A person who finds goods belonging to another and takes them into his custody, is subject to the same responsibility as a bailee (Sec 71). The finder of goods is given special privileges under the law. He is entitled to retain the goods as against the whole world except the true owner there of. He is, therefore like a custodian of goods found by him for and on behalf of the true owner. As and when the owner is found, he is to return the goods to him. He has to take all reasonable steps to find the true owner.
The following are the rights and liabilities of the finder of goods:
Rights: (1) he has a right to retain possession of such goods against the whole world except the true owner:
(2) He is entitled to lien, i.e. a right to retain the goods found even against the true owner until he receives compensation for trouble and expenses voluntarily incurred by him to preserve the goods and find out the owner. However, the finder of goods is not entitled to sue for such compensation, though he is entitled to retain the goods until he receives such compensation.
(3) The finder may sue for the reward, where the owner has offered a specific reward for the return of the goods. He may retain the goods until he receives it. He cannot claim any remuneration for services rendered by him.
(4) The finder may sell the goods if —
a) the owner cannot with reasonable diligence be found; or
b) he refuses, upon demand, to pay the lawful charges of the finder; or
c) the thing is in danger of persisting or of losing the greater part of its value, or
d) the lawful charges of the finder in respect of the thing found, amount to two thirds of its value.
A finder of goods cannot sell the goods otherwise than on above grounds. If he does so, he will be guilty of conversion.
Liabilities: The liabilities and obligations of the finder of the goods are:
1) he must use reasonable diligence and try to find out the true owner;
2) he must take due care of the goods
3) he must not use the goods for his own purpose
The bailment of goods as security for payment of a debt or performance of a promise is called pledge. The bailor in this case is called the pawnor. The bailee is called the pawnee (Sec 172). The transaction is called the pledge or pawn. Bailor in this case is also called the pledgor and the bailee is called the pledge. Pledge is therefore a kind of bailment.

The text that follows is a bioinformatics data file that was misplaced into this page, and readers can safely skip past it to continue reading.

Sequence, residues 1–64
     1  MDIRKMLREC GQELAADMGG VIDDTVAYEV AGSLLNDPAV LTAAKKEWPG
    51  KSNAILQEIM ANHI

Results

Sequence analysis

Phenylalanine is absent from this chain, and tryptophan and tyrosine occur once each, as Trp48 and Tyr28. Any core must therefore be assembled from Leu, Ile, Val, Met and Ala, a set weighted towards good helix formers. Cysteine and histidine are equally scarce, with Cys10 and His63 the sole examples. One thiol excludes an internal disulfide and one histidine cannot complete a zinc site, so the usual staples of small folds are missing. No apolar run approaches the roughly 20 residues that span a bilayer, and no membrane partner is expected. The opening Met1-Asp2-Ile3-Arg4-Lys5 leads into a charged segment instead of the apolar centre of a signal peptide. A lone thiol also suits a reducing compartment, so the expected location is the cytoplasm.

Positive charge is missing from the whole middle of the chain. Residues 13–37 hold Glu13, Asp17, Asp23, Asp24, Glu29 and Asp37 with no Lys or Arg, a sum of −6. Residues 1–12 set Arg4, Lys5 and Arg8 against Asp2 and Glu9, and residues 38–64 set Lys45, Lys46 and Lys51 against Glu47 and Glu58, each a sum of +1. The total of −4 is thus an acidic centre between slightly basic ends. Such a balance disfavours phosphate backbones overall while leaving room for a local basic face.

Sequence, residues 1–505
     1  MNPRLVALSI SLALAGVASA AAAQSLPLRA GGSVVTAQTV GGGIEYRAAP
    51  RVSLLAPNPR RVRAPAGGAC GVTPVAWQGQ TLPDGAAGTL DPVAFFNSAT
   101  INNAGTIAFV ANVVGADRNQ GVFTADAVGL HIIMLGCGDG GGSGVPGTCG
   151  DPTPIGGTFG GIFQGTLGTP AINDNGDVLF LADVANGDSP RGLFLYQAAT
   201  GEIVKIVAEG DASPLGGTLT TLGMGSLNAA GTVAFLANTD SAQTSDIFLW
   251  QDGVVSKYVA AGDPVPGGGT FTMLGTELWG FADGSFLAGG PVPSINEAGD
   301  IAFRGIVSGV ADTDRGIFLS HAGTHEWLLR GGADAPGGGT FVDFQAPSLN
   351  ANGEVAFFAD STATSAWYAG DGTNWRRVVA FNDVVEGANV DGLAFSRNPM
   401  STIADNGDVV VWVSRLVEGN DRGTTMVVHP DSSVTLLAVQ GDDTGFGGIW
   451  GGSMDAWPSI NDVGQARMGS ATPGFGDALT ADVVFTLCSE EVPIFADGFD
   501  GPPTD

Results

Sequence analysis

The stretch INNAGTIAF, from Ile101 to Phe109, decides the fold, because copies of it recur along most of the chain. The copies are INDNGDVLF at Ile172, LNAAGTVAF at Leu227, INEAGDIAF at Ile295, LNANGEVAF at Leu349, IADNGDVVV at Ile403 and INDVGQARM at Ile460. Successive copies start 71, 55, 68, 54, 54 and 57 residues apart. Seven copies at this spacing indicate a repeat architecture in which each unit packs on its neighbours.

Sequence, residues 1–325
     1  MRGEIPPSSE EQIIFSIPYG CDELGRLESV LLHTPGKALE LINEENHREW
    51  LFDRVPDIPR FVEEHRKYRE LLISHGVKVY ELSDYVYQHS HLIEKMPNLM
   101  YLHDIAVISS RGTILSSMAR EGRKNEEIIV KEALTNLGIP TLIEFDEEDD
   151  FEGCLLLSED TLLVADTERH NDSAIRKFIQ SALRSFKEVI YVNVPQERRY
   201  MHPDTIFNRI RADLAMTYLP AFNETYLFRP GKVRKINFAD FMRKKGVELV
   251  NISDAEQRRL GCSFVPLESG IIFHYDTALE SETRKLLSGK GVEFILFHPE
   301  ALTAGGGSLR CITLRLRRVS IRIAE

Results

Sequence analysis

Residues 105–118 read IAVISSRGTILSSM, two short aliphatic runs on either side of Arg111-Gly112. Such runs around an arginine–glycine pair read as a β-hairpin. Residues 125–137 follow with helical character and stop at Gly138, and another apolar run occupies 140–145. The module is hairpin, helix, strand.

A borrows Rs 4,000 against security of his jewelry. The bailment of jewelry is a pledge.
Any kind of movable property can be pledged by actual or constructive. Where a person pledges the goods in which he has only a limited interest, the pledge is valid to the extent of that interest. Rules of bailment are generally applicable to pledge.
(1) The goods must be delivered as security of payment of a debt or for performance of a promise;
(2) There must be actual or constructive delivery of goods pledged. When a third person having possession of the goods agrees to hold them on pledge’s behalf it will constitute sufficient delivery. Delivery of documents of title to the goods which would enable the pawnee to obtain possession thereof, like delivery of railway receipt would constitute the same thing as delivery of goods and would therefore be a pledge.
(3) The pledge can be made of movable goods only. Movable goods include documents, shares, or valuable things. Government promissory notes may be pledged by endorsement and delivery. Money cannot be pledged.
(4) Transfer of possession is essential. Agreement to transfer possession of goods when ready or in future does not create a pledge.
A bailment relates to specific moveable property of which delivery has been given by one person to another for a specific purpose. Where specific moveable and immovable properties were given in possession by one party to another under the contract but the right of realization was not confined to the specific moveable properties of which delivery was given but extended to other assets also, it was held that since no specific moveable property was given as a security for the debts of the transferee, the transaction could not be called a pledge.